British police on Wednesday obtained more time to question a man arrested outside the Houses of Parliament for attempted murder and suspected terrorism after a car ploughed into cyclists before crashing into protective barriers.
Three people were injured when the 29-year-old, named by media as Salih Khater, careered over a pavement and into the group of cyclists during Tuesday’s morning rush-hour in Westminster.
Police said the man, a British national originally from Sudan, was initially arrested on suspicion of terrorism offences but had now been “further arrested for attempted murder”.
Westminster Magistrates’ Court approved a warrant Wednesday to continue holding the suspect until Monday, authorities added.
The BBC reported that he came to Britain as a refugee and had been granted asylum. He remains in custody at a south London police station.
Two of the injured victims — a man and a woman — were taken to hospital but have now been discharged. The third was treated at the scene.
The incident had disturbing parallels with an attack last year, when a man drove his car into pedestrians on Westminster Bridge before crashing outside parliament and running inside.
Khalid Masood fatally stabbed a police officer guarding parliament — one of five people killed that day — before being shot dead.
The man involved in Tuesday’s incident was believed to be from Birmingham, according to his local MP — the same English city where Masood also lived.
Police searched two addresses in Birmingham on Tuesday and were at a third address on Wednesday. Another location in nearby Nottingham was also searched.
Son of Sudanese farmers
Top police counter-terrorism officer Neil Basu said on Tuesday that the suspect was not believed to be known to intelligence agencies, but British media reported he was known to local police.
Reports said that Khater is a shop manager in Birmingham and had studied at Sudan University of Science and Technology, citing his Facebook page.
His brother described him as a “normal person” with no fanatical ideas, and no links to any religious group, according to the BBC.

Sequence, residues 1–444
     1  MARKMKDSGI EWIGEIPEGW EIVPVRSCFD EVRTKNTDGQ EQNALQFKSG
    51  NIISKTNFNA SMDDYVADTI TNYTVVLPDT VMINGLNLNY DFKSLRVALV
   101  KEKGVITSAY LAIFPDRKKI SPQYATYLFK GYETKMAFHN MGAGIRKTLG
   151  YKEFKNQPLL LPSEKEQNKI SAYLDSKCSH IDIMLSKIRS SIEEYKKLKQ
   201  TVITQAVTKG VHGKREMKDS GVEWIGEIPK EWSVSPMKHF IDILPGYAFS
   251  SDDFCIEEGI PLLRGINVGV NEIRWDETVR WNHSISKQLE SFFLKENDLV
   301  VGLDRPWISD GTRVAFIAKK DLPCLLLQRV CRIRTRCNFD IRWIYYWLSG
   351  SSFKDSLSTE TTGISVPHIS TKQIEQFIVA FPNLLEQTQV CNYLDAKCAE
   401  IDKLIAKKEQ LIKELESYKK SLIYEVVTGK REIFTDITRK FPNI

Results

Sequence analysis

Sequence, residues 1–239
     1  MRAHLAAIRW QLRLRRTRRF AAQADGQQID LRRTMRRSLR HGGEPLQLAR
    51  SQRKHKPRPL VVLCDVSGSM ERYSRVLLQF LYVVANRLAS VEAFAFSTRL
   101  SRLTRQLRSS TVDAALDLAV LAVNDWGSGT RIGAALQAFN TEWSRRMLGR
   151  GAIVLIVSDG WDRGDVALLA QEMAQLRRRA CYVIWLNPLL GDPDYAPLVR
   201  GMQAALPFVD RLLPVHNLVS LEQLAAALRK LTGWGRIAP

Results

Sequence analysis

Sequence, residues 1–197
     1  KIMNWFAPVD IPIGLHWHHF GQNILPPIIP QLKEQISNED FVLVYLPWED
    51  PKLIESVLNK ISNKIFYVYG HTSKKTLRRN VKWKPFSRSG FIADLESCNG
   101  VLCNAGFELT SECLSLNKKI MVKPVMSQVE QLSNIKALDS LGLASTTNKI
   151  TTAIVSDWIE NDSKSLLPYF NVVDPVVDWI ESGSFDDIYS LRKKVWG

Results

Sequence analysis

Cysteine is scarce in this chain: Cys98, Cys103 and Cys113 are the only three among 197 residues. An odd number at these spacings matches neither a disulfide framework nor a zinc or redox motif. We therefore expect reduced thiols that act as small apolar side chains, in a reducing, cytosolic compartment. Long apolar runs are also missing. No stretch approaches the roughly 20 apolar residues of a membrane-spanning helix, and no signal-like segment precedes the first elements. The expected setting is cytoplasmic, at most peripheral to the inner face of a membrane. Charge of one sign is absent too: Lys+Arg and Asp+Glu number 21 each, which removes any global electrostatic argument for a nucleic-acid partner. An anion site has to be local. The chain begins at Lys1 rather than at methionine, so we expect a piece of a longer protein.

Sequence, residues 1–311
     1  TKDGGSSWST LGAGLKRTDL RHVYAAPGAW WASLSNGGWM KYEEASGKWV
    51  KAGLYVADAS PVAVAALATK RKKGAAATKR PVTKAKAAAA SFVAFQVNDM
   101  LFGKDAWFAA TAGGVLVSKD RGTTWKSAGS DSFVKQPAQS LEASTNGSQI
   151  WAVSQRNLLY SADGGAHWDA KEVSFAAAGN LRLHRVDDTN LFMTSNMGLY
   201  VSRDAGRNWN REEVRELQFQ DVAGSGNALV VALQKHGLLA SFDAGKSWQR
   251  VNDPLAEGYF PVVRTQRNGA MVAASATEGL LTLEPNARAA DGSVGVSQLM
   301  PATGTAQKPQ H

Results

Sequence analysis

Abdullah Khater told the broadcaster his family — who are originally from Darfur in Sudan — was in “a state of shock” over the incident.
Meanwhile Abubakr Ibrahim, a childhood friend, told The Times: “He is not a terrorist. I have known him since childhood. He is a good man.”
He told the newspaper Khater was the son of sorghum farmers, and had moved to Britain about five years ago in order to earn money to help his family.
A spokesman for Coventry University in central England confirmed Khater began studying accountancy there in September, but dropped out in May.
The Daily Mail tabloid reported friends of Khater saying that his father and brother had recently died within months of each other.
It added that he had shared music with his friends on Facebook, including Celine Dion, Eminem and Rihanna, but had not posted much for several years.
One of the places police have visited is an internet cafe in Birmingham, where Khater regularly visited.
The cafe owner said Khater lived in a flat above the parade of shops where it was located, but moved out a few months ago.
Local resident Ahmed Abdi, who is originally from Somalia, told reporters he was “shocked” to see Khater’s picture in the news.
“He was around here almost every day and I was here yesterday when the police turned up,” he said.
“He was very, very quiet and he never spoke to anybody.”
Police believe the car involved in the attack, a silver Ford Fiesta, travelled from Birmingham to London on Monday night, arriving just after midnight.
It drove around the Tottenham Court Road area — near Oxford Street — from around 1:25am (0025 GMT) before heading to the area around parliament around 6:00am (0500 GMT).
The alleged attack took place around 7:30am.
The car crashed into a security barrier, one of many erected on key British sites in the wake of the September 11 attacks in the US in 2001, and reinforced in recent years.
Mayor of London Sadiq Khan said he backed the idea of banning vehicles from some areas around parliament.
“I’ve been an advocate for a while now of “part-pedestrianising” Parliament Square,” he told BBC radio.
But he warned any changes must not lose “the wonderful thing about our democracy which is people having access to parliamentarians, people being able to lobby Parliament, visitors being able to come and visit”.